290 Va. 262

At the conclusion of the hearing, the circuit court announced findings that

7A and B, I'm not finding that the security exemption is well placed, here; I'm going to require disclosure of 7A and 7B, as well as 8A–8F, ... the manufacturers' manuals. I don't think that that is a bona fide security concern; I'm going to require disclosure of that.
776 S.E.2d 583
And as far as the execution manuals, I think we all agree that transporting the
...

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9 practice notes
  • Paramont Coal Co. Virginia, LLC v. McCoy, Record No. 0710-18-3
    • United States
    • Virginia Court of Appeals of Virginia
    • October 30, 2018
    ...plain meaning of that language." Hammer v. D.S., 67 Va. App. 388, 399, 796 S.E.2d 454, 459 (2017) (quoting Va. Dep’t of Corr. v. Surovell, 290 Va. 255, 268, 776 S.E.2d 579, 586 (2015) ); see also Jones, 295 Va. at 502, 814 S.E.2d at 194 (noting exception if application of the plain meaning ......
  • Karr v. Va. Dep't of Envtl. Quality, Record No. 1715–15–2.
    • United States
    • Virginia Court of Appeals of Virginia
    • August 9, 2016
    ...the language used unless a literal interpretation of the language would result in a manifest absurdity.” Va. Dep't of Corr. v. Surovell , 290 Va. 255, 268, 776 S.E.2d 579, 586 (2015). In order “[t]o determine whether language is ambiguous, we must consider whether the text can be understood......
  • Paramont Coal Co. v. Vanover, Record No. 1658-17-3
    • United States
    • Virginia Court of Appeals of Virginia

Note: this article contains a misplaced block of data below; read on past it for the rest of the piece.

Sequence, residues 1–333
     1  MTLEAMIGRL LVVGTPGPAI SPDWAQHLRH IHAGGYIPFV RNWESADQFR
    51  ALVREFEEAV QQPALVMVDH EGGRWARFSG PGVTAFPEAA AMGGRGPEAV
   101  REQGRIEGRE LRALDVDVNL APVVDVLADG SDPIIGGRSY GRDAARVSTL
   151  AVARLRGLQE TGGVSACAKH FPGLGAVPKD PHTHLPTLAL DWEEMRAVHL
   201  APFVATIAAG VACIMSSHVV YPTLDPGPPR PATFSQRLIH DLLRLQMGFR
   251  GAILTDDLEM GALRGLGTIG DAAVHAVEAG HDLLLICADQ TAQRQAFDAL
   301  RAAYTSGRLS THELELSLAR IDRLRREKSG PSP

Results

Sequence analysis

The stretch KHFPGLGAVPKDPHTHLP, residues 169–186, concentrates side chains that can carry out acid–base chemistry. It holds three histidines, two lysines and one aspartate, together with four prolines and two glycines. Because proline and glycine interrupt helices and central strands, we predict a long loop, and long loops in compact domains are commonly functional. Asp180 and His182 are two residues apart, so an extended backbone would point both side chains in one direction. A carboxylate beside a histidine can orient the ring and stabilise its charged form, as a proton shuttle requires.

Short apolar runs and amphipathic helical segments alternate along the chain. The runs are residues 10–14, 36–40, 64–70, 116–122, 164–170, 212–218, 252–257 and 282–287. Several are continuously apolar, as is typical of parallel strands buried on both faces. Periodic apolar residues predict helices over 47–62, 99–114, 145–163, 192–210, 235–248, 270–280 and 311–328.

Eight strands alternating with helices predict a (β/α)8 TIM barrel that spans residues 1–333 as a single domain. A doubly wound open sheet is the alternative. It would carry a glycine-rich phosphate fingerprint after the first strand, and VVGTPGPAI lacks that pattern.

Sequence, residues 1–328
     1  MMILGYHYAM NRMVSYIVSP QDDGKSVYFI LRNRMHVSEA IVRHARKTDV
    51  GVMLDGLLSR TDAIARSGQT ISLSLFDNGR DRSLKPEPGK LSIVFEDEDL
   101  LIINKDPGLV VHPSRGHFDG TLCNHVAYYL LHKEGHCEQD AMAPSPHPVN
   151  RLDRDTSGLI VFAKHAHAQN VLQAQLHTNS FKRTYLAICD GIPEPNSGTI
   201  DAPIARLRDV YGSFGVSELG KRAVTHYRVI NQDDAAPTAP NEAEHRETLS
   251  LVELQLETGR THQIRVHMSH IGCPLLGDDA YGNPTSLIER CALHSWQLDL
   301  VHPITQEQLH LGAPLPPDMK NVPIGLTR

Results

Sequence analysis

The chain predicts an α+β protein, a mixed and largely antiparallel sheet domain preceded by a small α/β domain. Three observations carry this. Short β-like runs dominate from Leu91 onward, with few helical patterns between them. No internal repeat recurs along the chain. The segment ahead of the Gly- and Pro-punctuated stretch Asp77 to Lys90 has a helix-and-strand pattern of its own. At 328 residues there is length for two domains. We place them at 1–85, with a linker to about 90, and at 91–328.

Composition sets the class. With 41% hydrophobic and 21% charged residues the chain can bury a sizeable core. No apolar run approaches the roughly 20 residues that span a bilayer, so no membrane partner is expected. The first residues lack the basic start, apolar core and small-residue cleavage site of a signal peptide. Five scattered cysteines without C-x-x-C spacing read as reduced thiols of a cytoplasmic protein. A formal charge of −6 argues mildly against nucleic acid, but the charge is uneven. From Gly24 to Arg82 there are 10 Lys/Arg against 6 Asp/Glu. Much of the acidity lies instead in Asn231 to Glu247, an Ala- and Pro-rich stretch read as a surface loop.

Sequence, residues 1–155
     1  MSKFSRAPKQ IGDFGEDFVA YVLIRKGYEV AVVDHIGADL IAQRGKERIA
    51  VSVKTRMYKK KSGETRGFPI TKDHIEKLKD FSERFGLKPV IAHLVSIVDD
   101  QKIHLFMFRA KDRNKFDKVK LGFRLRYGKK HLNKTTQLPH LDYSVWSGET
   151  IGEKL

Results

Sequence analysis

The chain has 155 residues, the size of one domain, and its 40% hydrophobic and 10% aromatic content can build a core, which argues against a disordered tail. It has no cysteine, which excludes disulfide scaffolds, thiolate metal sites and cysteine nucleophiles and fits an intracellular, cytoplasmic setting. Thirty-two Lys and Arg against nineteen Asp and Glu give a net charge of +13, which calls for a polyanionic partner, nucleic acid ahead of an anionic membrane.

• April 17, 2018
    ...result in a manifest absurdity." Hammer v. D.S., 67 Va. App. 388, 399, 796 S.E.2d 454, 459 (2017) (quoting Va. Dep't of Corr. v. Surovell, 290 Va. 255, 268, 776 S.E.2d 579, 586 (2015)). "Language is ambiguous when it may be understood in more than one way, or simultaneously refers to two or......
  • Hammer v. D.S., Record No. 0877-16-1
    • United States
    • Virginia Court of Appeals of Virginia
    • February 28, 2017
    ...the language used unless a literal interpretation of the language would result in a manifest absurdity." Va. Dep't of Corr. v. Surovell, 290 Va. 255, 268, 776 S.E.2d 579, 586 (2015) (quoting Payne v. Fairfax Cty. Sch. Bd., 288 Va. 432, 436, 764 S.E.2d 40, 43 (2014)). A court is "not free to......
  • Request a trial to view additional results
9 cases
  • Paramont Coal Co. Virginia, LLC v. McCoy, Record No. 0710-18-3
    • United States
    • Virginia Court of Appeals of Virginia
    • October 30, 2018
    ...plain meaning of that language." Hammer v. D.S., 67 Va. App. 388, 399, 796 S.E.2d 454, 459 (2017) (quoting Va. Dep’t of Corr. v. Surovell, 290 Va. 255, 268, 776 S.E.2d 579, 586 (2015) ); see also Jones, 295 Va. at 502, 814 S.E.2d at 194 (noting exception if application of the plain meaning ......
  • Karr v. Va. Dep't of Envtl. Quality, Record No. 1715–15–2.
    • United States
    • Virginia Court of Appeals of Virginia
    • August 9, 2016
    ...the language used unless a literal interpretation of the language would result in a manifest absurdity.” Va. Dep't of Corr. v. Surovell , 290 Va. 255, 268, 776 S.E.2d 579, 586 (2015). In order “[t]o determine whether language is ambiguous, we must consider whether the text can be understood......
  • Paramont Coal Co. v. Vanover, Record No. 1658-17-3
    • United States
    • Virginia Court of Appeals of Virginia
    • April 17, 2018
    ...result in a manifest absurdity." Hammer v. D.S., 67 Va. App. 388, 399, 796 S.E.2d 454, 459 (2017) (quoting Va. Dep't of Corr. v. Surovell, 290 Va. 255, 268, 776 S.E.2d 579, 586 (2015)). "Language is ambiguous when it may be understood in more than one way, or simultaneously refers to two or......
  • Hammer v. D.S., Record No. 0877-16-1
    • United States
    • Virginia Court of Appeals of Virginia
    • February 28, 2017
    ...the language used unless a literal interpretation of the language would result in a manifest absurdity." Va. Dep't of Corr. v. Surovell, 290 Va. 255, 268, 776 S.E.2d 579, 586 (2015) (quoting Payne v. Fairfax Cty. Sch. Bd., 288 Va. 432, 436, 764 S.E.2d 40, 43 (2014)). A court is "not free to......
  • Request a trial to view additional results